One of the most wonderful things about autumn in New York isn’t the city itself—it’s the opportunity it brings to get away with a simple hop and skip across a bridge or tunnel, and land within hours (or even minutes) at a charming town or isolated stretch of nature awash in beautiful reds, oranges, and yellows. Whether it’s a short jaunt north to the quaint town of Nyack—so close to the city you could trade in the car for a bicycle to get there—or a long and leisurely trip to Vermont (what some consider to be the American capital of leaf-peeping), these fall road trips will have you relishing every minute of autumnal bliss.
The drive up to this region—which spans more than 2,000 square miles across Massachusetts and part of Connecticut—is an exercise in decompression. Roll the windows down to take it all in: the scent of lavender and wildflowers, the sounds of birds chirping and hawks calling, and the views of changing maples, oaks, and pines. That nature is on full display whether you’re staying at Miraval Berkshires, a new wellness resort set on 380 acres where you can throw hatchets, zipline through the forest, and hike to your heart’s content, or at the Granville House, a new four-bedroom inn run by two Union Square Hospitality Group alumni (don’t miss the duo’s just-sweet-enough olive-oil muffins at breakfast). You could hike for days on incredible trails to sites like Monument Mountain and Bartholomew’s Cobble, but there’s also plenty to stay in town for too. The restaurants of the Berkshires offer a blend of big-city charm and farm-fresh style, from Prairie Whale (Brooklyn restaurateur Mark Firth’s Great Barrington spot highlighting seasonal produce and meats) to Café Boulud at Blantyre (acclaimed chef Daniel Boulud’s new dining room at the famed hotel in Lenox). Don’t miss the Old Inn on the Green or John Andrews either, two more restaurants that take advantage of the Berkshires’ natural bounty (and beauty) with sprawling grounds and organic dishes.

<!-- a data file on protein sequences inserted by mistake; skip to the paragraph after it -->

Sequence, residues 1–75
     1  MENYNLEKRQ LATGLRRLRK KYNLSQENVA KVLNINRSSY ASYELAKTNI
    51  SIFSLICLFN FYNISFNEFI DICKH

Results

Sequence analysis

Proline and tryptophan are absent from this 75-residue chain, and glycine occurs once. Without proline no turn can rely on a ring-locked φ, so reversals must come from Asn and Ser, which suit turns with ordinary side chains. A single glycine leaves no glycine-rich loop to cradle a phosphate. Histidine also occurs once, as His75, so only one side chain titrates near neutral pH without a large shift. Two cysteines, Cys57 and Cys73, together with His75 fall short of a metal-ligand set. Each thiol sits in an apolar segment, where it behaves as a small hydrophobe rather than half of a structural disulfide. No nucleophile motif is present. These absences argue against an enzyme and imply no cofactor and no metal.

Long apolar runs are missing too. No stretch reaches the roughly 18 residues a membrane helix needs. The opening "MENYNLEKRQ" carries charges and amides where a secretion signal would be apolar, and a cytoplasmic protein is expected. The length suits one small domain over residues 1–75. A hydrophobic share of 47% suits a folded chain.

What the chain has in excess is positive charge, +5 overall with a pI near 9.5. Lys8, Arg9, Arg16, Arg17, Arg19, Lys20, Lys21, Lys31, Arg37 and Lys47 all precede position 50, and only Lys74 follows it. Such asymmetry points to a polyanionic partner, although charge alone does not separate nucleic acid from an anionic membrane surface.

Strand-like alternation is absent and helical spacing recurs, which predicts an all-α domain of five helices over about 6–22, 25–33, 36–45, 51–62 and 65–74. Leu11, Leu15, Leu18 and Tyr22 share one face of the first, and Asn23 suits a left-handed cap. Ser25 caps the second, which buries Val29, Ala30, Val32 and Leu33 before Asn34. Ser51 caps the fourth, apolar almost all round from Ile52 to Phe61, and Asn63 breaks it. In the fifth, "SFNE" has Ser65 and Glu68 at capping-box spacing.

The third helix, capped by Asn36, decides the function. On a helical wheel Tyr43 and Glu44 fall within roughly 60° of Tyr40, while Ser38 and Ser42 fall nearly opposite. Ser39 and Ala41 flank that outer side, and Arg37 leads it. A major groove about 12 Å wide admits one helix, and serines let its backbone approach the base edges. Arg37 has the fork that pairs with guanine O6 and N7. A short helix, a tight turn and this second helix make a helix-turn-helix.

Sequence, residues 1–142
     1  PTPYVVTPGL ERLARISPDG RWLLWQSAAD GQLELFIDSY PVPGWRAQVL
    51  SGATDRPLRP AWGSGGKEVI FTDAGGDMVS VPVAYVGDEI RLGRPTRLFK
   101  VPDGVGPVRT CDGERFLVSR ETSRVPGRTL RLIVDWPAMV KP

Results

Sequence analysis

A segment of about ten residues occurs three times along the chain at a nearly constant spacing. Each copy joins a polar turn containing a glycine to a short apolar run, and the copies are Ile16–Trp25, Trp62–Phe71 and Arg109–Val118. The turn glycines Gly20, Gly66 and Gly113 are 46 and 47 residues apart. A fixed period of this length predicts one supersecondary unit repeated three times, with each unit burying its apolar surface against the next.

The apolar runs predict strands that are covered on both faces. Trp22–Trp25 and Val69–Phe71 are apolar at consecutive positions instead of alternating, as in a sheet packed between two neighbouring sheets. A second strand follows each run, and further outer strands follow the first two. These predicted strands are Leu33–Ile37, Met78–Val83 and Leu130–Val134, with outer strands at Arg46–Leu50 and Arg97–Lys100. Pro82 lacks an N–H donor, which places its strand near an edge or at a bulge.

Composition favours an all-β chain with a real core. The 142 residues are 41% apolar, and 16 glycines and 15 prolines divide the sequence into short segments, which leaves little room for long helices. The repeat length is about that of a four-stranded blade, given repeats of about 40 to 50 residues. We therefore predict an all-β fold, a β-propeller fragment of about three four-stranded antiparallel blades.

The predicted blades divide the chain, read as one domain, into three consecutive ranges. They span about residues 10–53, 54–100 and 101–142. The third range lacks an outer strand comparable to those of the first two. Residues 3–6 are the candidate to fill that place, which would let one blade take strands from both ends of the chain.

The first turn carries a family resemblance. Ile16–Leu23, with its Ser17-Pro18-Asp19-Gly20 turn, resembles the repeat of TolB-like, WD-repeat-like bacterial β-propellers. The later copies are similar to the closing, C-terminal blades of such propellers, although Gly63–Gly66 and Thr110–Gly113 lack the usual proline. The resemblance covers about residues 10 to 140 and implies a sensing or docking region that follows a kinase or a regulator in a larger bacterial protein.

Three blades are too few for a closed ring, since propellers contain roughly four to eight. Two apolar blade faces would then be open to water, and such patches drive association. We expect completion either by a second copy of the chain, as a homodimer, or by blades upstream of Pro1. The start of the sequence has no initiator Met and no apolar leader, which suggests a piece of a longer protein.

North Fork, New York
For all the fuss made about the Hamptons, the buzz around its neighbor, North Fork, has only recently begun. The northern end of a Long Island—separated from the Hamptons and the “south fork” by the Peconic River—is quieter and more in tune with nature than its southern counterpart, but no less entertaining for a long weekend, especially in the fall, after the summer crowds have dissipated. One thing the North Fork excels at is wine, and you can sample the best of its 50-plus wineries by starting in Southold at Mattabella Vineyards (known for its sustainably made chardonnays) and Sparkling Pointe (exceptional rosés and blancs de blancs), and ending in Greenport at Kontokosta (whose lawn on an oceanfront promontory is the perfect place to catch the changing colors of fall). Greenport is also home to many of North Fork’s best restaurants—don’t miss the lounge-style American Beech and seafood-focused Frisky Oyster—but part of the local charm here is stepping away from the see-and-be-seen scene and getting to know the local farmers, many of whom are young and applying innovative techniques, like at Garden of Eve, a 100 percent organic farm that employs permaculture practices. Stay within walking distance of nearly everything in town by checking in at the Menhaden, a chic design boutique hotel with views over the Peconic and a guest-only rooftop deck.
Nyack, New York